An English country hotel says it’s facing ruin after TripAdvisor suspected its management of faking a review on its website.
As the Telegraph reports today, The Riverside Hotel and Restaurant, in Worcestershire, England, has been red-flagged by the ratings and review website, with a warning message now appearing on its page stating that “TripAdvisor has reasonable cause to believe that individuals or entities associated with or having an interest in this property may have interfered with traveler reviews and/or the popularity index for this property”.
TripAdvisor now scans reviews to check if it matches a hotel’s IP addresses, to try and curb ‘in-house’ reviews. But the hotel owner, Deborah Sinclair, claims that the review was written by a customer using the hotel’s WiFi. She also says that since the page was flagged by TripAdvisor, custom dried up almost immediately. She said:
“When it went up, the phone stopped ringing. I guarantee 100% I’ve not written anything about my hotel on there.”
A quick look at the hotel’s TripAdvisor’s page shows that it has received some pretty mixed reviews, some glowing and some not so.
In the TripAdvisor ‘Help‘ section, it states:
“We recommend that guests submit a review when they return home from their trip. A review submitted from a hotel lobby computer may appear to be written by staff.”
Although this recommendation is in place, a customer isn’t likely to read the finer print if they’re looking to write a quick review, so there isn’t an easy way to know for sure who the source of a review is. Similarly, a more on-the-ball hotel could quite easily post a false review from an external computer, thus bypassing the IP issue. This has led some to question TripAdvisor’s methods of stamping out fraudulent feedback.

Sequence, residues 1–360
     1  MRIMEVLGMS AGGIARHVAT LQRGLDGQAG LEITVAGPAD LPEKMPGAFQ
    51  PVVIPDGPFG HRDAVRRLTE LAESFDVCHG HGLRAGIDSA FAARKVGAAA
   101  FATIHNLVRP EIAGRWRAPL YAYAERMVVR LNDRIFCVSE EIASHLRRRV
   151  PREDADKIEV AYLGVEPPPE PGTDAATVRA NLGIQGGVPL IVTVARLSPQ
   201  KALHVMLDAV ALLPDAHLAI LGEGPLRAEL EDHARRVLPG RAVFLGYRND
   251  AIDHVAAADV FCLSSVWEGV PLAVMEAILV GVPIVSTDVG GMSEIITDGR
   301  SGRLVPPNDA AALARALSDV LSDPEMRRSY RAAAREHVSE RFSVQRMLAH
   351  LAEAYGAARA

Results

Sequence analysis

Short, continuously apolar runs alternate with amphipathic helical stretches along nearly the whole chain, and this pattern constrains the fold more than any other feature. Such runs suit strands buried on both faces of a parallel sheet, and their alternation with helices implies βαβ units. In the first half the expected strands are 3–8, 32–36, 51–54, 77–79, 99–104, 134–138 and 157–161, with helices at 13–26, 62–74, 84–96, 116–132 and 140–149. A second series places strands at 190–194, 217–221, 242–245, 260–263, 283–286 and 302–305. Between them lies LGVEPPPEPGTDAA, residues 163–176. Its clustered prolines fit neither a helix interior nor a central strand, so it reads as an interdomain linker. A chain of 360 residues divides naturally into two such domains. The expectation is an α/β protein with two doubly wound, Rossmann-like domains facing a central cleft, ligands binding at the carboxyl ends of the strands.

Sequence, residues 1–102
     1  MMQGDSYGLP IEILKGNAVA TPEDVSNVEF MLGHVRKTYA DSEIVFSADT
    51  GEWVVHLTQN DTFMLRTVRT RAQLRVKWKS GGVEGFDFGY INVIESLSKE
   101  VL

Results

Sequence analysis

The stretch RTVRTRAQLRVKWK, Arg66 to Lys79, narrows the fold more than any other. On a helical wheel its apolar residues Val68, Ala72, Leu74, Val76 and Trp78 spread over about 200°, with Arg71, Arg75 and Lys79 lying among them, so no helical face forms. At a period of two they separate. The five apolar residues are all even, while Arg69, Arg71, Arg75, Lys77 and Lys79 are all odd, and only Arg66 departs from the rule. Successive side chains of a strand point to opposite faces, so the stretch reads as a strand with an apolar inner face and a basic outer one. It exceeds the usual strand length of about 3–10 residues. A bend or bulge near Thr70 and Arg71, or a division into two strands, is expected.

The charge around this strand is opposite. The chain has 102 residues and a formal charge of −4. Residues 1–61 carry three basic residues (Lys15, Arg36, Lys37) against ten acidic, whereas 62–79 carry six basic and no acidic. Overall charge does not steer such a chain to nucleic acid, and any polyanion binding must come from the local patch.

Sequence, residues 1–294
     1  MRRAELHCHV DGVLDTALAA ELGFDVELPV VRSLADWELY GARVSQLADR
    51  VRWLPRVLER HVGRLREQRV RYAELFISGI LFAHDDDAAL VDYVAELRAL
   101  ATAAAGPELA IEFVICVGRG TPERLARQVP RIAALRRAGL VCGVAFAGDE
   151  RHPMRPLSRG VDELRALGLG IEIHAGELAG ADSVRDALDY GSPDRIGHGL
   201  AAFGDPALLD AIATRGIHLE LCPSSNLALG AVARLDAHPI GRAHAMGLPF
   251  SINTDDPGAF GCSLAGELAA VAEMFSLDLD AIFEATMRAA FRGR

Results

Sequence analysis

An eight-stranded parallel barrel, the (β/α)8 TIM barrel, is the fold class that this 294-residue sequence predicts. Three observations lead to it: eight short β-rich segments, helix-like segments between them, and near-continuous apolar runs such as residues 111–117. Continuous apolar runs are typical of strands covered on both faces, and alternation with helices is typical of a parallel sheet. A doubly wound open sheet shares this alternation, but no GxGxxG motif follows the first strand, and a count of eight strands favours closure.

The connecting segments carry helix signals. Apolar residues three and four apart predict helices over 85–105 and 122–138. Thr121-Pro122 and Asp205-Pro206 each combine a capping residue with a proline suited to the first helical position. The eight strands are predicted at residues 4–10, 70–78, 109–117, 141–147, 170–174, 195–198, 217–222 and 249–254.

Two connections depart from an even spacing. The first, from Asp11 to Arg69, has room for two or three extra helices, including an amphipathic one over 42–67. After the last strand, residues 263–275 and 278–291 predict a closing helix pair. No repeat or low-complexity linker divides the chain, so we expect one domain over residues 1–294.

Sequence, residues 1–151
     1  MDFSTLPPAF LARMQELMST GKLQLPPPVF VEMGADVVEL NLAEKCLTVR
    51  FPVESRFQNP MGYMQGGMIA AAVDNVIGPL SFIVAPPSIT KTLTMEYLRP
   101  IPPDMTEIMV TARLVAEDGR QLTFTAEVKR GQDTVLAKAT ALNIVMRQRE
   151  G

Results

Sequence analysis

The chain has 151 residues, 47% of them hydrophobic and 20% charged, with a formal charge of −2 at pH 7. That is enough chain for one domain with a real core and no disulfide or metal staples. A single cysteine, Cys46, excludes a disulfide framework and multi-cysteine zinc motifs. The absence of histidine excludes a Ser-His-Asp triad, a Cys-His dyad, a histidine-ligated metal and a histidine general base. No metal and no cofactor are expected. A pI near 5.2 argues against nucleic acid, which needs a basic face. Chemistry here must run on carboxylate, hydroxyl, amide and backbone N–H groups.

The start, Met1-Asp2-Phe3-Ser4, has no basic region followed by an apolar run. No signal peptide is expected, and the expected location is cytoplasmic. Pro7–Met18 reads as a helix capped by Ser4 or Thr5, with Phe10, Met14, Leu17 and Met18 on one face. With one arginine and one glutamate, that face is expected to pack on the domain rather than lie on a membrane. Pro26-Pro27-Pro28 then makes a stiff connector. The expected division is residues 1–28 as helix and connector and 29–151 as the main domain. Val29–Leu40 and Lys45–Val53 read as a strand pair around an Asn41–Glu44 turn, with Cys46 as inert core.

Earlier this month, it was reported that the Advertising Standards Authority (ASA) was investigating TripAdvisor, following a complaint it received from a company called KwikChex. It argues that claims on the website such as ‘reviews you can trust’, ‘read reviews from real travellers’, ‘TripAdvisor offers trusted advice from real travellers’, among others, are misleading and can’t be backed up.
Back in June, we reported that an Irish hotel was suing Google over an auto-complete option that suggested it was going into receivership.
The Ballymascanlon Hotel, in Dundalk, took umbrage at the suggestion the hotel could be going into receivership, after receiving telephone calls from brides-to-be, who had booked the hotel for their wedding. The auto-complete suggestion was later removed by Google.